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Seasons of Graduation: Part I Grad School (repost from Open Salon)

The 2008/2009 Master’s candidates of Johns Hopkins University ZanvylKrieger School of Arts and Sciences is filled with parents, brothers, sisters, daughters, sons, employers, employees, writers, scientists, researchers, investigators, dreamers, doers, achievers, and thinkers in various phases of career, achievement, life, goals. 

The crowd is a blur of family, friends, colleagues, alumni, faculty, police.  The ceremony, despite applause, cheers, a few ‘I love yous!” and even fewer, “You made its!” is orderly, subdued, Hopkins.

We are changed, and yet unchanged. 

For many of us, a Master’s degree marks the end of an education but surely not the end of learning.  We are now tasked with applying our education to obtain knowledge. We are challenged to reach for new goals and as Hopkins Graduates, to achieve them.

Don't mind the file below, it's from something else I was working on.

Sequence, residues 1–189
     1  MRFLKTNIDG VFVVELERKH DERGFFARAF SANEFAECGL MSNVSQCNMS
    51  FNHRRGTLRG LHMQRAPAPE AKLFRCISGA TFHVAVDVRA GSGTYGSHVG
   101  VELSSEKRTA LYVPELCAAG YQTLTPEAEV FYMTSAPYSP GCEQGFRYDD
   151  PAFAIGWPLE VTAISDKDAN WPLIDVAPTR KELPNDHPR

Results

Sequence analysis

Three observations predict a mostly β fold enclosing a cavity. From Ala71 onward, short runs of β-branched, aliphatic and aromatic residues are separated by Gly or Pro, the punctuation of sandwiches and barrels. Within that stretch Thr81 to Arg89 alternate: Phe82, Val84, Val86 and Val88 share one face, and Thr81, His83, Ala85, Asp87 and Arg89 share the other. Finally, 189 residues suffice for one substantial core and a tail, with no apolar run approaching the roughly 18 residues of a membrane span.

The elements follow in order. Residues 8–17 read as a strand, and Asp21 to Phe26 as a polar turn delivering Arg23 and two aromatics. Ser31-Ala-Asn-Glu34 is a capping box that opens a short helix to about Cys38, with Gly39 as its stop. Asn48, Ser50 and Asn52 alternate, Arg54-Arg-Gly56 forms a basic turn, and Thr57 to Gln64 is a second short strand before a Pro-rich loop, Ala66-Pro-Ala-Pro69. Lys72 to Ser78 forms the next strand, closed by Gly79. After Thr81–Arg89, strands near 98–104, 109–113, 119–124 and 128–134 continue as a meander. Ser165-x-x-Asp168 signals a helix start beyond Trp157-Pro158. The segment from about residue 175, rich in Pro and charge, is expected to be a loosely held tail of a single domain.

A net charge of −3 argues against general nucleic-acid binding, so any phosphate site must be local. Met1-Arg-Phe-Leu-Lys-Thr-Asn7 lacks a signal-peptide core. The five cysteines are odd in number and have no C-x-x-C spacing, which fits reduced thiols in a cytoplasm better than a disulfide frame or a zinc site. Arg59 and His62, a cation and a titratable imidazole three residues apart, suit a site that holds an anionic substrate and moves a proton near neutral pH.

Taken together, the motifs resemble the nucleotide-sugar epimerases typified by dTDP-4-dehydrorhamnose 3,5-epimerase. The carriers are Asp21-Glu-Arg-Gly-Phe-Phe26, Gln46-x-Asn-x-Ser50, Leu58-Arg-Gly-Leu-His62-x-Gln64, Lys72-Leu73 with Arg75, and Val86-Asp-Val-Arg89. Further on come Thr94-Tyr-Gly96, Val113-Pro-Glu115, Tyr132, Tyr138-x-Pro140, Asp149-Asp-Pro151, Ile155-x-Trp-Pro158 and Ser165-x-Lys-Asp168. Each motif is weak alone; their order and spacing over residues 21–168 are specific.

Surrounded by fellow graduates, it is an indescribable feeling, this task to use knowledge to achieve knowledge.  As a Hopkins grad, I am armed with the confidence that the Dean; the speaker, John Astin; the faculty; my family; my friends; and that I hold within.  I am prepared to reach for the next success, and to achieve it.

I plan to celebrate with a small lunch with my children and maybe with a tattoo—a small Blue Jay holding a fountain pen.

I settle for lunch.

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